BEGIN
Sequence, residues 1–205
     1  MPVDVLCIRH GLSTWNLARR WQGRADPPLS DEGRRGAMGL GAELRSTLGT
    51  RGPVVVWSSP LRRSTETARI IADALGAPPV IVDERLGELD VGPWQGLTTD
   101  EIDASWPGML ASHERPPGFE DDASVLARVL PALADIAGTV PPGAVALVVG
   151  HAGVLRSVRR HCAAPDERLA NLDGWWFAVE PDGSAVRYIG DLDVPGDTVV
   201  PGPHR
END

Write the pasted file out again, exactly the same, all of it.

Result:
Sequence, residues 1–205
     1  MPVDVLCIRH GLSTWNLARR WQGRADPPLS DEGRRGAMGL GAELRSTLGT
    51  RGPVVVWSSP LRRSTETARI IADALGAPPV IVDERLGELD VGPWQGLTTD
   101  EIDASWPGML ASHERPPGFE DDASVLARVL PALADIAGTV PPGAVALVVG
   151  HAGVLRSVRR HCAAPDERLA NLDGWWFAVE PDGSAVRYIG DLDVPGDTVV
   201  PGPHR